New Zealand landlords sharing ‘bad tenant’ information on private social media groups and websites have come under fire from the Privacy Commissioner, the property management industry and a renter advocacy group.
Bad Tenants, New Zealand (landlords only) is a private Facebook group with 3,600 members. Created in 2017, the group page is said to be used to blacklist tenants based on information shared by their previous landlords — some of which is unverified. Property managers and landlords alike have been using the page to screen would-be tenants.
This has drawn outrage from Privacy Commissioner John Edwards who said groups like Bad Tenants can effectively lock renters out of the rental market thanks to information they don’t even know a prospective landlord has access to.
Describing the act as “unfair”, Edwards noted the Privacy Commission sees cases in which tenants are tainted by their association with a co-tenant or abusive partner — potentially marginalising “people who are vulnerable and disempowered.”
Edwards said tenants are entitled to ask what info a landlord or social media group holds about them, saying, “if the landlord or group does not hand it over, or destroys it, that could be a criminal offence.”
He announced in February that the Privacy Commission will focus on ensuring a high standard of compliance within the residential rental sector off the back of the number of complaints they’ve recently received about the practice.
Robert Whitaker, spokesperson for Renters United commented on the matter, saying that ethnicity, disability, name, and appearance are attributes New Zealand tenants are all too often discriminated based upon.
Landlords and property managers overstepping the mark when gathering information about would-be tenants is nothing new, but it came to a head during a select committee hearing in 2018 when an Auckland property manager spoke of routinely asking tenants for bank statements during the screening process.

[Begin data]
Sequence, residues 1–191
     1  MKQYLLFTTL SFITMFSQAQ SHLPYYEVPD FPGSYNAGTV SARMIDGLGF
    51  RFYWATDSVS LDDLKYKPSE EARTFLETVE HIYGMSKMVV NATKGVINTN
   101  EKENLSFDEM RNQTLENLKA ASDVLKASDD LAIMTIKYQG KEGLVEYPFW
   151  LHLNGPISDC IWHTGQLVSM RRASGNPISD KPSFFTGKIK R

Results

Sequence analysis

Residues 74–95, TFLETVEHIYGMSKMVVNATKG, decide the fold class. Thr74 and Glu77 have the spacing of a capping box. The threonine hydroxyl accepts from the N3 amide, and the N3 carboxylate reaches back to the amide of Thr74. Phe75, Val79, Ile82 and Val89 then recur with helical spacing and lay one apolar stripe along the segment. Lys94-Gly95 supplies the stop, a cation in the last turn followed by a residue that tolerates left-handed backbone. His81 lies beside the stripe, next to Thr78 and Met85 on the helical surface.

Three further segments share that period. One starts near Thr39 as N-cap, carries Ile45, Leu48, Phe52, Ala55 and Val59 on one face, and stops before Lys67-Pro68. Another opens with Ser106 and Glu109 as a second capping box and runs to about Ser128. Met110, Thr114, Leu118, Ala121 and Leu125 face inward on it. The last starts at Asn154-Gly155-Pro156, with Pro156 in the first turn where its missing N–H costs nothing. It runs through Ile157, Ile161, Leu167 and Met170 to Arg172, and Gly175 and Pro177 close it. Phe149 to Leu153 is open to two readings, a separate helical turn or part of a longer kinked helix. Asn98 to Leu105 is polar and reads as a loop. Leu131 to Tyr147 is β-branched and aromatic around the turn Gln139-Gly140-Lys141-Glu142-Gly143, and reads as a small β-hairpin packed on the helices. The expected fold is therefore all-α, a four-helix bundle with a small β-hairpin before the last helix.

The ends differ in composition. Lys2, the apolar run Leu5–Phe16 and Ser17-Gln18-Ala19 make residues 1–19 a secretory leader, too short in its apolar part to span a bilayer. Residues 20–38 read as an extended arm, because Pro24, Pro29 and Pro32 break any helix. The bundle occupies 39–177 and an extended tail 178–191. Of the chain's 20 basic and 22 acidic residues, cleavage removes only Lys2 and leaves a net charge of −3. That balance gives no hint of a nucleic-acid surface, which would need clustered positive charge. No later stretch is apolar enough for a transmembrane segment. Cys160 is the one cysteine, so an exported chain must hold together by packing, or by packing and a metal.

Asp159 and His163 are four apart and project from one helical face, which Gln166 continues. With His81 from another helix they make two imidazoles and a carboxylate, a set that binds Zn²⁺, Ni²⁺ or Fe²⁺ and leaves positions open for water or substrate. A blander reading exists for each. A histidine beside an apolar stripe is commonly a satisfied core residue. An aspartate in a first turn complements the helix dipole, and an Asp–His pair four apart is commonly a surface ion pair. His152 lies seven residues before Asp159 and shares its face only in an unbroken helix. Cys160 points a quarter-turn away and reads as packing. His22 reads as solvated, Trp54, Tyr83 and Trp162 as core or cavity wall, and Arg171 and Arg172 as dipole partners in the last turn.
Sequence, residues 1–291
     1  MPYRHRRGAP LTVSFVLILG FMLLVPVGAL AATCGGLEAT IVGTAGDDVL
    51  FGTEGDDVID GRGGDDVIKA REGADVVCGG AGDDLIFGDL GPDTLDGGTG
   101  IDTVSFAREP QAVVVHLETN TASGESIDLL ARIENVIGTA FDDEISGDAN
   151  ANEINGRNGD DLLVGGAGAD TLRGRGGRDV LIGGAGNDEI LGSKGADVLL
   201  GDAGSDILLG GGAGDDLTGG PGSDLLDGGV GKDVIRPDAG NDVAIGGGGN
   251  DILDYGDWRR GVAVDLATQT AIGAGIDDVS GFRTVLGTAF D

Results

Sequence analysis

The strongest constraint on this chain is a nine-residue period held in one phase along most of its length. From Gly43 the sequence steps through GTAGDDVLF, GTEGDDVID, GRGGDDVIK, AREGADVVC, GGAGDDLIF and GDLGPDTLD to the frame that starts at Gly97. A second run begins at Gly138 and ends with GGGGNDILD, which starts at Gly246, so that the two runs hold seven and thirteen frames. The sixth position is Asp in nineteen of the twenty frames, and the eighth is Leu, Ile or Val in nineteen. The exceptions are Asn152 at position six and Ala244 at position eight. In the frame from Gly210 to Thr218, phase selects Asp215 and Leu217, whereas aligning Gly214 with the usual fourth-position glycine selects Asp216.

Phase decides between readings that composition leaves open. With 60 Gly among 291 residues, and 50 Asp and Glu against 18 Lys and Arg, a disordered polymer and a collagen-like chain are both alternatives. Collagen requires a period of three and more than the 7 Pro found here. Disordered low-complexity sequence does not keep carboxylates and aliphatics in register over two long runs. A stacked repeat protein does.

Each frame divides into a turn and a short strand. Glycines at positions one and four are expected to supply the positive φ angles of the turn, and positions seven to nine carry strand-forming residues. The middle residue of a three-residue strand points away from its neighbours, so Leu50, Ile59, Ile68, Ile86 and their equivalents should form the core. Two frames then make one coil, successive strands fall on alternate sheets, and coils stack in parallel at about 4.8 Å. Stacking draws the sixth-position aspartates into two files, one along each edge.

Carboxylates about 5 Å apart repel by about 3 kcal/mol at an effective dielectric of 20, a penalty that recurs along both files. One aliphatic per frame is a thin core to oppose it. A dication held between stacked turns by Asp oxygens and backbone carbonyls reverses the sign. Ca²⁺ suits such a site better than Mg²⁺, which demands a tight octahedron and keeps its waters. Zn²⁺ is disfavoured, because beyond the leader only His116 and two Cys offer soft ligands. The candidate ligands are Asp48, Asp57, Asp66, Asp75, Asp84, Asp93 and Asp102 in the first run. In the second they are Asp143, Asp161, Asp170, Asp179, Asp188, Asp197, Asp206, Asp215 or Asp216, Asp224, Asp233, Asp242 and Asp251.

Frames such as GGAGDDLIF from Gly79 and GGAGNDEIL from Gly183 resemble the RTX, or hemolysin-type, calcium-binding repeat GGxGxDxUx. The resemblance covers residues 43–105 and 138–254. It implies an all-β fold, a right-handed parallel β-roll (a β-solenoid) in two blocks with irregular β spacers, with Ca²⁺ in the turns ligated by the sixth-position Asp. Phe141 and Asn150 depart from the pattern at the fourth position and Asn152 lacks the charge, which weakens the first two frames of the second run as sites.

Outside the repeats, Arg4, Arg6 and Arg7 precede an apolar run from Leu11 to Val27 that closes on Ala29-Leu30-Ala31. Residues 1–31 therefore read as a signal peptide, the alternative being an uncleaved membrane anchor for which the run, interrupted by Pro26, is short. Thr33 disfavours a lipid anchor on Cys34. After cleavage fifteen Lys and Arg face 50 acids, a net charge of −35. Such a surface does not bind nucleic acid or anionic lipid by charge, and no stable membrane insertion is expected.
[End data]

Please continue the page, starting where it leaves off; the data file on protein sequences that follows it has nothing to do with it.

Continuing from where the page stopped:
Dubbed the ‘KFC Test’ (due to the property manager’s comments about prospective tenants’ fast food purchasing habits detailed in their bank statements), this practice of bank statement dissection drew harsh criticism from Real Estate Institute of NZ (REINZ) CEO Bindi Norwell, who said the focus of a property manager’s due diligence in placing a tenant needs to focus on whether they have stable employment and can pay the rent, “Not whether they spend their disposable income on KFC or Uber Eats.”
The Office of the Privacy Commission says that landlords can collect information to assess whether a tenant can pay rent, and that they should collect the minimum amount of personal information necessary to make that decision.
Following the KFC Test revelations, the Privacy Commission released guidelines around what landlords and property managers can ask for at the time of tenancy application, once they’ve chosen the preferred applicant(s), and what they shouldn’t ask for at any point.
Information that can be asked for at the application stage includes name and contact information, proof of identity, contact details for landlord and non-landlord references, consent for a criminal record check and a credit report (for a preferred tenant), pet ownership, and smoking/non-smoking.
See the full list of which information can and can’t be asked for at each stage in the graphic created for landlords and property managers below.
The McPherson Property Management team and other Ray White property managers around the country have access to legitimate platforms, such as TPS (Tenancy Practice Services), allowing us to properly screen and check prospective tenants in a manner that is lawful and in accordance with Privacy Commission Guidelines.
The TPS tool we use is exclusively available to licensed property managers and can check over 90 different databases to complete a reliable vetting process and place the right tenants in our landlords’ investment properties.
In addition to this we complete reference checks with previous landlords and employers. If a potential tenant doesn’t have a rental history as they have been homeowners, we use their real estate agent.
We are Christchurch property managers who conduct ourselves in the utmost professional manner at all times, and we encourage the rest of the industry to follow suit.
It’s our duty to find reliable tenants to place in our trustworthy landlords’ Christchurch rental properties. Please get in touch if you have any questions around what information landlords can rightfully ask tenants for, and how our property managers can help you.